Some temptations take us by surprise, but the more we can do to minimise the likelihood of us being tempted the better. Of course, life throws curve-balls that can threaten plans. I am more able to deal with these after I did an online Cognitive Behavioural Therapy course hosted by the NHS. I still use many of those tools, aimed at my depression. One of these is Riding the Wave. This is where you say to an emotion or feeling “you’ll pass.” You don’t act on it. You acknowledge that it’s there. But you quietly remind yourself that the feeling will, like a wave, go away.
For example, you’re driving to work and someone cuts you off. You get angry. Your initial go-to response might be to shout and curse at the other driver, flash your lights, tailgate him and blare your horn continuously. Or you can simply blare your horn (rightfully so as they put you in danger), remind yourself that in a few minutes it won’t matter and ride out the feeling. It’s uncomfortable because you really want to do something and you’re not doing it.
This took a lot of practice. I started with my desire to eat my chocolate long before my morning coffee, saying “I want it” and waiting 10 minutes, then 20, gradually increasing the time. When I had gotten good at that I was better able to do this with crossdressing – and the more I did it, the more I knew that a feeling was just that, a feeling. I had to remind myself that the sorrow after the act would be far worse than the feeling of resisting; and the feeling of victory was greater. If I’m home alone I’ll often ride the wave knowing that it will either go by the time my wife gets home or at least then I won’t be able to act on it. In the morning I ride the wave as I busy myself with getting ready and before I know it, it’s time to go to work.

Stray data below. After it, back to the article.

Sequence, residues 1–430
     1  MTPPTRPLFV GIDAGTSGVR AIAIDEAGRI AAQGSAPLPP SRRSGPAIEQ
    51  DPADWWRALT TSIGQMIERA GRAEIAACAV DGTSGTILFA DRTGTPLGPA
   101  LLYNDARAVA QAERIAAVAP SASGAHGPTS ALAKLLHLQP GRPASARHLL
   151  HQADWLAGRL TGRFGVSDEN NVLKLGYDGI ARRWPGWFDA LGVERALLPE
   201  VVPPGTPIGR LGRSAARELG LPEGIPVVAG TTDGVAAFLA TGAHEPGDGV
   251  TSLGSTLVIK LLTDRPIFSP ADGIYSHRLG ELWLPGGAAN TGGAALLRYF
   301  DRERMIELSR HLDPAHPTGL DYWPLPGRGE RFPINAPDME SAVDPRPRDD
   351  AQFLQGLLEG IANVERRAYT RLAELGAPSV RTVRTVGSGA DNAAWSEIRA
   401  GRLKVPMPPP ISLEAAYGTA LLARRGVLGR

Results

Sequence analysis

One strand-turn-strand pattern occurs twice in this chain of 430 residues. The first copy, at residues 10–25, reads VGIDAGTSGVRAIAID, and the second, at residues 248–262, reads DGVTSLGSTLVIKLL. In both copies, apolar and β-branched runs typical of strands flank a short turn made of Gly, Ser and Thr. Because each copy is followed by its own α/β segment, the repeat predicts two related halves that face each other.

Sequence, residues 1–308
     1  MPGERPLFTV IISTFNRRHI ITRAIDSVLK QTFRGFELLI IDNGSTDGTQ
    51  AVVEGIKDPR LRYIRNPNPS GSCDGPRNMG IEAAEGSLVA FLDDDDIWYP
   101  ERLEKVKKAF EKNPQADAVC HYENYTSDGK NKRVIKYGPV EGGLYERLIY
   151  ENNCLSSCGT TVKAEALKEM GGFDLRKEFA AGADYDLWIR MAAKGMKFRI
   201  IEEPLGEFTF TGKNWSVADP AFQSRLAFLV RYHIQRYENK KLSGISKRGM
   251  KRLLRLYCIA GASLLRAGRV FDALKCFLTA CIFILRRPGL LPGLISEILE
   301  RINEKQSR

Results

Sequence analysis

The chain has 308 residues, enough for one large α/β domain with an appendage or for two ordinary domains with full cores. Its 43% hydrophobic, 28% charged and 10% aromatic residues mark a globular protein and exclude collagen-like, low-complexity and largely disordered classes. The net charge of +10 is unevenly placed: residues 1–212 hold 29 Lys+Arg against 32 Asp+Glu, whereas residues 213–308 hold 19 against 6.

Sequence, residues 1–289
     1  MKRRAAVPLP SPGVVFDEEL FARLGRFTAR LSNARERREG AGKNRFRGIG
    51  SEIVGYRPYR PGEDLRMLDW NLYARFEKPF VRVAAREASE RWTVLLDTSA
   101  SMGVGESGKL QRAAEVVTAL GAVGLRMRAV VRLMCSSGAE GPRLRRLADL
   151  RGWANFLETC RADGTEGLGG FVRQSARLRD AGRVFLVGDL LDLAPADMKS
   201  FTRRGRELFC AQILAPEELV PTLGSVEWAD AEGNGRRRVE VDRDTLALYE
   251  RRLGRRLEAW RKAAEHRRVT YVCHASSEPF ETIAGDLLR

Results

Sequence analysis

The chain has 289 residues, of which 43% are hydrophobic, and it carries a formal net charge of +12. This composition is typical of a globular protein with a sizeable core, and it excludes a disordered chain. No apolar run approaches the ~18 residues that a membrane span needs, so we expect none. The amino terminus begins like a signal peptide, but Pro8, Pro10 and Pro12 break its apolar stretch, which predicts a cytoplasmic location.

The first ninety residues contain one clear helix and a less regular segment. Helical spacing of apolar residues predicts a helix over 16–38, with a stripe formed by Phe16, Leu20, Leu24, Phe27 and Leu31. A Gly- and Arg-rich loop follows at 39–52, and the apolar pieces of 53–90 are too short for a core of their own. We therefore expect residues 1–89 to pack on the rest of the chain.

Furthermore I learnt that true freedom came from choosing to not act in ways that I necessarily felt. During counselling sessions because of depression, I came to learn the truth of William James’ line “actions beget feelings.” When I do the dishes despite hating them, I am shackling the bonds of depression because I then feel better about the situation. Likewise, I soon learnt that the feeling of wanting desperately to go into a shop that would cause me temptation turned into rejoicing when I made it through the day without doing so.
As a man, counselling has not come easy. It takes time to open up to someone you don’t really know. But more than anything these counsellors all taught me how to understand what emotions I was feeling and why, and helped me to resolve them through helpful and good methods; talking and by taking positive action. Even though I didn’t see them for crossdressing, my addiction started to loosen. I can only wonder what it might be like to see one just for the crossdressing! They taught me how to be courageous in the face of these feelings and tackle them head-on. Talking therapy doesn’t sound manly, but it enables us to do one of the most manly things there is: fight.